Petrobras, Repsol Agree to Bolivias Oil, Gas Lawadmin
Petroleo Brasileiro SA, Bolivia’s biggest foreign investor, and Repsol-YPF SA agreed to the South American nation’s new energy law, pledging to search for more natural gas deposits.
Petrobras and Repsol were among eight companies that early today signed agreements with the Bolivian government, adding to accords with Total SA and Occidental Petroleum Corp. yesterday.
“The other option would have been to leave,” said Enrique Soldevila, an analyst at Banco BPI SA in Madrid with a “reduce” rating on Repsol, Europe’s fifth-largest oil company. “We have to see what the conditions are now.”
Bolivia, South America’s poorest nation, needs finance and technical expertise to develop its natural gas reserves and boost exports to Argentina and Brazil. Bolivia has yet to reach an agreement with Brazil over natural gas prices and the status of Petrobras’s existing refineries in the country.
“We want partners to help solve our economic problems,” Bolivia President Evo Morales said today on state radio station Nueva Patria. “We are never going to violate these agreements.”
Under the terms of Bolivia’s nationalization law, the state’s share of revenue from the San Alberto and San Antonio gas fields in the nation’s south will rise to 82 percent from 50 percent, the Associated Press reported today. Petrobras, Repsol and Total are all investors in the two fields, which produce about 70 percent of the country’s natural gas.
Petrobras and Bolivia “reached an agreement allowing the company to remain in Bolivia and in the exploration and production business in the San Alberto and San Antonio fields” in southern Bolivia, according to a statement on Petrobras’s Web site.
Petrobras has not reached agreement with Bolivia on the price of natural gas exported to Brazil or on the future of its refining operations in the country, the statement said. Petrobras runs Bolivia’s two refineries, producing all the country’s gasoline and aviation fuel and 70 percent of its diesel oil.
The Petrobras statement did not mention any specific terms, tax rates, ownership conditions or prices covered by the agreement.
The new agreements with the foreign energy companies as well as a recent accord to boost natural gas exports to Argentina will provide Bolivia with more than $4 billion a year from 2010, Morales was quoted as saying on state new service agency ABI’s Web site.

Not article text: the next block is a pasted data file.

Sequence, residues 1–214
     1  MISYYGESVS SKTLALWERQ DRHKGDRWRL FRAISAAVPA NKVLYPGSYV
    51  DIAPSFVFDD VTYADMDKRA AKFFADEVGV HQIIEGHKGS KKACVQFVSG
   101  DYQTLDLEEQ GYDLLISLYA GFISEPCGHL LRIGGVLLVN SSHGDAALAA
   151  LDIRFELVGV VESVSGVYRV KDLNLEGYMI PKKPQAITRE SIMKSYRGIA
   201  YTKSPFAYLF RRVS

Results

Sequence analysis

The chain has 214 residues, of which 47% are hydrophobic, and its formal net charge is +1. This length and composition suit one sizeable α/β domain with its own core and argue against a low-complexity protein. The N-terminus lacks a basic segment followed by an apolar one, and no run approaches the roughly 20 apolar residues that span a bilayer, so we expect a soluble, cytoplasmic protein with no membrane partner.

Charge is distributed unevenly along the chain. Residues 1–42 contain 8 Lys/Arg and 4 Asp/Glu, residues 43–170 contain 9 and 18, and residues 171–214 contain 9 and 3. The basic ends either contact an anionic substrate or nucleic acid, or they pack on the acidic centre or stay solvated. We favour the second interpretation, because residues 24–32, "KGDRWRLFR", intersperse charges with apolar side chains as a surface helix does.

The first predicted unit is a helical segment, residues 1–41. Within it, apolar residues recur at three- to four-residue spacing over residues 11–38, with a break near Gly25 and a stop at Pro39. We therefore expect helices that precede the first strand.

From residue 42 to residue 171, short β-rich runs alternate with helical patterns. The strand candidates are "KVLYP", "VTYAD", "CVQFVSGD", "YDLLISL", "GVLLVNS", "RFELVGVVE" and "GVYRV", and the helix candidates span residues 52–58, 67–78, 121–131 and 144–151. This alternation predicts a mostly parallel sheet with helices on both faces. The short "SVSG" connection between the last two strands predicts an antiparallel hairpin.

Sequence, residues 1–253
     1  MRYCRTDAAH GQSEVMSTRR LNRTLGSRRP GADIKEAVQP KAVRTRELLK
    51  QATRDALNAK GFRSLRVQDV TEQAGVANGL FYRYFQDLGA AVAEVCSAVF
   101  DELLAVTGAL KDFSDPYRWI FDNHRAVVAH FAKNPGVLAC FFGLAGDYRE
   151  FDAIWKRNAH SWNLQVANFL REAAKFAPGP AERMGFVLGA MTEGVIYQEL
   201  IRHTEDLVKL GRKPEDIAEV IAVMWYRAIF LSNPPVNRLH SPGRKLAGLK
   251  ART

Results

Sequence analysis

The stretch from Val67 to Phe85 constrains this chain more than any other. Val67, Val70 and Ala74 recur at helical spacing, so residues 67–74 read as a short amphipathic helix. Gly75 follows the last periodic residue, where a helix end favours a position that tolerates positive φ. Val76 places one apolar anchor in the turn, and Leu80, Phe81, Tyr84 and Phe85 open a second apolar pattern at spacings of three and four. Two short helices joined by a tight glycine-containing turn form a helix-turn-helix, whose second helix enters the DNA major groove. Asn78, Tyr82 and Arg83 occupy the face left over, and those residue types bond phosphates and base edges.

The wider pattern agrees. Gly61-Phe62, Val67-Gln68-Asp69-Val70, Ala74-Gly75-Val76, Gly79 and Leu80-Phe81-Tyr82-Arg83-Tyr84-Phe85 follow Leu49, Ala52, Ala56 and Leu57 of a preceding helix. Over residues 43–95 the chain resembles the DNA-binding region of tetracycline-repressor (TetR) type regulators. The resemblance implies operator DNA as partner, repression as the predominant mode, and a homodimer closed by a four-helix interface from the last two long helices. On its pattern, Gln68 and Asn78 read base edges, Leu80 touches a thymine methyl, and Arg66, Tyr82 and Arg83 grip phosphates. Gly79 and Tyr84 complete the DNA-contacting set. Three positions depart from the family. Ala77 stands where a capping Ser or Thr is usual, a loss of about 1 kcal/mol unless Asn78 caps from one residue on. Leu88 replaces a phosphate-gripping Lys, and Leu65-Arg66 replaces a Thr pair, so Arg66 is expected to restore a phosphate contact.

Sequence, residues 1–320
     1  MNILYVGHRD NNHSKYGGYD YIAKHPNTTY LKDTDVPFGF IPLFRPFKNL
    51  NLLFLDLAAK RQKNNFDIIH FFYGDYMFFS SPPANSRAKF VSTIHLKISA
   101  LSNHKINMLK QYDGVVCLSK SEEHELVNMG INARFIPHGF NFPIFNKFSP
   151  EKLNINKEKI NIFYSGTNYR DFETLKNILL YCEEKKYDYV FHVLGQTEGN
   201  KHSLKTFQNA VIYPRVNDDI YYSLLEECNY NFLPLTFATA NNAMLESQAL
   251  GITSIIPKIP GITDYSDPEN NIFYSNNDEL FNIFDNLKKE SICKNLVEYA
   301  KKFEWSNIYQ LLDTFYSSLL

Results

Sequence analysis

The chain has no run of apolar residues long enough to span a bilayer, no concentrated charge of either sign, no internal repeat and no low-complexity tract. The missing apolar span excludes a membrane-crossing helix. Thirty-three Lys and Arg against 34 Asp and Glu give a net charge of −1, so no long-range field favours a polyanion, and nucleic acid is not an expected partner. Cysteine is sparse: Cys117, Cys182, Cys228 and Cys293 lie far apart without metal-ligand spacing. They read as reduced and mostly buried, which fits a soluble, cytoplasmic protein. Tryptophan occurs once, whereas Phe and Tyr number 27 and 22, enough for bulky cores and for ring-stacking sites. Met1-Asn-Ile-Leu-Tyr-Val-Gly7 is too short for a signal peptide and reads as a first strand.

Total, based in Paris, will invest $728 million in a gas field it plans to operate along with state oil company YPF Bolivianos SA and will spend $1.15 billion exploring for gas in the Incahuasi and Aquiro gas deposits over 20 years, Hydrocarbons Minister Carlos Villegas was cited as saying on ABI’s Web site on Oct. 27.
A Total spokeswoman in Paris, Patricia Marie, yesterday declined to confirm the figures.
“This agreement is in line with Bolivian President Evo Morales’s public commitment to guarantee legal security for investments, a principle that Repsol YPF considers indispensable for the development of its business in the country,” Madrid- based Repsol said in an e-mail statement today. “The new contracts guarantee the profitability of the investments made until now in Bolivia as well as those that will be made in the future.”
The company declined to comment on the terms of the new agreements.
Repsol said it has exploration rights over seven blocks with total area of 9,264 square kilometers and rights to drill oil from 25 blocks with a total area of 2,174 square kilometers. The company said it has invested $1.17 billion in Bolivia in the past decade, which has led to the creation of 3,300 jobs, 300 of which are employees at Repsol.
Bolivia also signed an agreement with Vintage Petroleum Inc., which Los Angeles-based Occidental bought in January for $4.1 billion. The agreement says Occidental will explore for gas in the Naranjillo and Chaco Sur deposits, spending $220 million.
Since 1994, Petrobras has invested $1.5 billion in Bolivia on oil and gas exploration and production, construction and expansion of pipelines and to renovate the two refineries.
Brazil may seek compensation from Bolivia for the two refineries, which would become the property of YPF Bolivianos, Brazil’s Mines and Energy Minister Silas Rondeau said on Brazilian TV.
Morales, elected as Bolivia’s president last year, on May 1 sent soldiers to take over the country’s natural gas industry and threatened to evict foreign companies if they didn’t agree to hand over their assets to YPF Bolivianos within 180 days.
Bolivia agreed with Argentine President Nestor Kirchner on Oct. 19 to almost quadruple natural gas supplies to Argentina, lessening Bolivia’s dependence on the Brazilian market. Bolivia supplies over half of Brazil’s gas needs.
Other companies that signed the agreement include Pluspetrol SA, BG Group Plc, Empresa Petrolera Andina SA, and Pan American Energy.